No Reserves, No Retreats, No Regrets

Don’t put out the Spirit’s fire. (1 Thessalonians 5:19 GW) 

William Bordon, after he graduated from high school in 1904, was called to be a missionary. At different points in Bordon’s short life, he wrote in the back of his Bible, no reserves, no retreats, no regrets. 

Though he came from a very wealthy family, wealth did not possess him. Early on in his life, a friend expressed that he was throwing his life away by becoming a missionary—he wrote in his Bible, no reserves. After he graduated from Yale, he was offered very lucrative positions—he penned, no retreats. His missionary call narrowed to a Muslim group in China. After doing graduate work at Princeton Seminary, he left for Egypt to study Arabic before arriving in China. In Egypt, he contracted spinal meningitis and within a month was dead at age twenty-five. Before his death, under the other two notations he had made in his Bible, he wrote—no regrets.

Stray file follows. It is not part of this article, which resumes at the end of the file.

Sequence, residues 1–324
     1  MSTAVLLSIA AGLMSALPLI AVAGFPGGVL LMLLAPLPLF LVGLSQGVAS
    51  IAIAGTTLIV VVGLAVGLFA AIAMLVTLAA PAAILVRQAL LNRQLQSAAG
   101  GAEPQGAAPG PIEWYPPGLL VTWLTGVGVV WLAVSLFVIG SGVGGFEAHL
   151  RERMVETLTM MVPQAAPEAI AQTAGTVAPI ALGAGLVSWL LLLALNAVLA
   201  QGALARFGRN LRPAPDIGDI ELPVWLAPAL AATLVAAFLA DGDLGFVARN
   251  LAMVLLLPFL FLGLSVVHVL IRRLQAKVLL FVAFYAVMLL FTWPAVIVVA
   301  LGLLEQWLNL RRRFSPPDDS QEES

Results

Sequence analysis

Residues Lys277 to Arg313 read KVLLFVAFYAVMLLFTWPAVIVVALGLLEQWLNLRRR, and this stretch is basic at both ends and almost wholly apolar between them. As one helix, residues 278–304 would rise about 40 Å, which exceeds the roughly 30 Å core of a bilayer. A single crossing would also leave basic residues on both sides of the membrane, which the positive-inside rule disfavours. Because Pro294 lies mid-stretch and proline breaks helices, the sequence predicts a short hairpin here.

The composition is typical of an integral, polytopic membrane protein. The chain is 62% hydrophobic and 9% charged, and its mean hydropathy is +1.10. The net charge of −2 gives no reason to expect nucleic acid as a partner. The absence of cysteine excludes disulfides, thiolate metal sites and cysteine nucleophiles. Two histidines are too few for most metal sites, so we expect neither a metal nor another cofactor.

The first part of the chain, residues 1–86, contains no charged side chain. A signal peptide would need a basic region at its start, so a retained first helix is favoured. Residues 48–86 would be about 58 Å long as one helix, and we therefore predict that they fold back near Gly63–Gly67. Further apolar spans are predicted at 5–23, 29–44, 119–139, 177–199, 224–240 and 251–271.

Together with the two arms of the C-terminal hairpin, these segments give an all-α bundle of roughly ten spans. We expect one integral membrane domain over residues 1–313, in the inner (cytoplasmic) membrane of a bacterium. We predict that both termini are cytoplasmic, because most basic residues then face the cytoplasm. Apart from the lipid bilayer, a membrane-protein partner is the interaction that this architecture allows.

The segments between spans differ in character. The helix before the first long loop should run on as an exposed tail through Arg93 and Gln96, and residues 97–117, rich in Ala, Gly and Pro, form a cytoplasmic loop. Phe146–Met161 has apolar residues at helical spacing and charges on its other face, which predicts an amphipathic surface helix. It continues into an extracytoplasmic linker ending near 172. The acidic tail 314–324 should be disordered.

William Borden’s seemingly untimely death a waste of human life? Absolutely not. Thousands of people have read his story and have been encouraged in their missionary call. God never wastes any of our sorrows. 

Things happen to Christians. We experience what we don’t expect, and some expectations don’t come to fruition. The Christian life often entails disappointments that we can’t understand, but God uses them for his ultimate good. God lives in the eternal now. God makes decisions based on past, present, and future considerations. Humans remember the past imperfectly, know what is happening now, and nothing about the future. God dwells on eternal priorities, man on temporal ones. Our heavenly Father always knows best.

Church history is littered with people who have done great things for God yet had become sullen and cynical at the end of their lives. Things happened to them that may have seemed unfair or unjust. Some ended their lives in unbelief rather than faith in God. We, like William Borden, at the end of our journey, need to be able to say, no reserves, no retreats, no regrets. 

The image is used with permission by Microsoft. 

Ken Barnes, the author of  “The Chicken Farm and Other Sacred Places”  YWAM Publishing
Ken Barnes’ Book Site

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